|Publication number||US7548316 B2|
|Application number||US 11/737,083|
|Publication date||16 Jun 2009|
|Filing date||18 Apr 2007|
|Priority date||20 Jul 2006|
|Also published as||US7545519, US20080018913, US20080019751|
|Publication number||11737083, 737083, US 7548316 B2, US 7548316B2, US-B2-7548316, US7548316 B2, US7548316B2|
|Inventors||Ruddy Castillo, Barry Paul Mandel, Kenneth R. Ossman, Stanley J. Wallace, Michael D. Borton|
|Original Assignee||Xerox Corporation|
|Export Citation||BiBTeX, EndNote, RefMan|
|Patent Citations (13), Referenced by (10), Classifications (23), Legal Events (3)|
|External Links: USPTO, USPTO Assignment, Espacenet|
This application is a continuation-in-part of U.S. patent application Ser. No. 11/490,692, entitled “Lead Edge Sheet Curl Sensor”, which was filed with the U.S. Patent and Trademark Office on Jul. 20, 2006 the disclosure of which is incorporated herein by reference in its entirety.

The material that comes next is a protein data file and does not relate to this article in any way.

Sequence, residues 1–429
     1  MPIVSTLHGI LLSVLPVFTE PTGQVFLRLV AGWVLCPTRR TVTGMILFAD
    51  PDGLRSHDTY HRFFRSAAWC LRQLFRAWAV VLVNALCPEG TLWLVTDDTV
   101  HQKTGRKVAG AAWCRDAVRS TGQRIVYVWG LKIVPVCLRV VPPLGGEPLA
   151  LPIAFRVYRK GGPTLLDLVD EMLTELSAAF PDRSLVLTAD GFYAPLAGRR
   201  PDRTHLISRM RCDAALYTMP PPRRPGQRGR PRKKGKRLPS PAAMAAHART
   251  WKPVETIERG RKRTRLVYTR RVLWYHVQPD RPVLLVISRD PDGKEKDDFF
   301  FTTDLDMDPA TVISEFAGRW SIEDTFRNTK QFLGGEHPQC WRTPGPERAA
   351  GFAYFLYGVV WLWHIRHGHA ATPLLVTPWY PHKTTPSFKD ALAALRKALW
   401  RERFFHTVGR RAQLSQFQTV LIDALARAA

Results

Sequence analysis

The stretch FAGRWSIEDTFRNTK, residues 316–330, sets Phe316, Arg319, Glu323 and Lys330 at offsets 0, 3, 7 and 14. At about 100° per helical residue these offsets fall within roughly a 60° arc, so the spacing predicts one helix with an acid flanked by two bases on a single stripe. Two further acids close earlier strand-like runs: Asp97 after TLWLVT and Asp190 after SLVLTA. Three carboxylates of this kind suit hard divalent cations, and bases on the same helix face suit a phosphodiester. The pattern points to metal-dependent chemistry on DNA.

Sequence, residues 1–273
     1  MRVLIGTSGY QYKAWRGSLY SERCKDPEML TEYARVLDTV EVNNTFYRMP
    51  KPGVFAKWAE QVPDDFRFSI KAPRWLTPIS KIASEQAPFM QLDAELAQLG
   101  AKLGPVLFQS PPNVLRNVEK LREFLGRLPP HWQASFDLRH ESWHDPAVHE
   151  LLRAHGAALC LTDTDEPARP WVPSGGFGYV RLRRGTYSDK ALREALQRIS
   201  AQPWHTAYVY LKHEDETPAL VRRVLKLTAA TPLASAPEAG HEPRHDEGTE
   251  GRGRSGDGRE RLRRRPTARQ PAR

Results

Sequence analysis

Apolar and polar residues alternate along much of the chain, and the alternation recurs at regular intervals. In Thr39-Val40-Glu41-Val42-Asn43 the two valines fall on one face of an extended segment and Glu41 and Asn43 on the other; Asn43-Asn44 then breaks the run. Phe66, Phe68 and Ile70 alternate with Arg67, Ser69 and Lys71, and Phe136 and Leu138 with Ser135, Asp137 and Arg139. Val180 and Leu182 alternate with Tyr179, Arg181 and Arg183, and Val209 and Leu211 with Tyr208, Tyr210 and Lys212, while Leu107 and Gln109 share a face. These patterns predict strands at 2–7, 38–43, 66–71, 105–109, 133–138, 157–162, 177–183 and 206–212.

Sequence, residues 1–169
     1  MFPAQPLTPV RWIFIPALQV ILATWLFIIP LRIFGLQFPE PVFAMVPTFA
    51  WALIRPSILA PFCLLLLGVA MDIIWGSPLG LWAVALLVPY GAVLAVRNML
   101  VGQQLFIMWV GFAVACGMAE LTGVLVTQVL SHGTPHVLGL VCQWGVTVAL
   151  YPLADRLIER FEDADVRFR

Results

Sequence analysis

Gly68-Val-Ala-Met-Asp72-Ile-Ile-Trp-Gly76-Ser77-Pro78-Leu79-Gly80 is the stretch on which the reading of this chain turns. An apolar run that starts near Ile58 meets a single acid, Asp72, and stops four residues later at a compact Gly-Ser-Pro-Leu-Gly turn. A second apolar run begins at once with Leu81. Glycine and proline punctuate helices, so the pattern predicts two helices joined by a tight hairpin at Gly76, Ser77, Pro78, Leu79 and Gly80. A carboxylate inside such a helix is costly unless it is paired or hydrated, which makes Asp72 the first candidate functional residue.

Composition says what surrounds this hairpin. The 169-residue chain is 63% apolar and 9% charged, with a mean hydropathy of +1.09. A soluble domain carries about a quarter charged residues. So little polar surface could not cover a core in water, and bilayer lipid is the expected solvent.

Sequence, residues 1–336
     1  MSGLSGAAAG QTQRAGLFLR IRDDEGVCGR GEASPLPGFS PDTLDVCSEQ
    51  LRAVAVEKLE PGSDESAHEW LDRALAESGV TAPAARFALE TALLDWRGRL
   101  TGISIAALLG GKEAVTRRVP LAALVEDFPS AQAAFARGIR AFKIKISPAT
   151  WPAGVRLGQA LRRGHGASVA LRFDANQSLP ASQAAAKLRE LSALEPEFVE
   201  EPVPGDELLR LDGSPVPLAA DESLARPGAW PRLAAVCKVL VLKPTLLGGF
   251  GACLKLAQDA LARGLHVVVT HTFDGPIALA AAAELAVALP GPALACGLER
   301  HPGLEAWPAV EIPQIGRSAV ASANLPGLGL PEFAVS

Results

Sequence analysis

Embodiments are generally related to electrophotographic and inkjet printing machines. Embodiments are also related to the field of sheet substrate curl detection sensors utilized in rending devices such as printers. Embodiments are also related to sheet constraint systems and methods.
The curling of print media sheets is a particular problem in the printing industry, and is exacerbated by high-density images and plural color printing. Sheet curling, however, can occur even in the context of unprinted sheets of paper due to changes in ambient humidity or moisture content of the paper. Sheet curling can interfere with proper sheet feeding, causing sheet feeding jams or delays. If sheet curl is present in the output, it can interfere with proper stacking or other finishing operations. For example, if printed sheets with curl do not lie flat when stacked together in sets, such as in the pages of booklets, an objectionable distortion of the resulting booklet may result.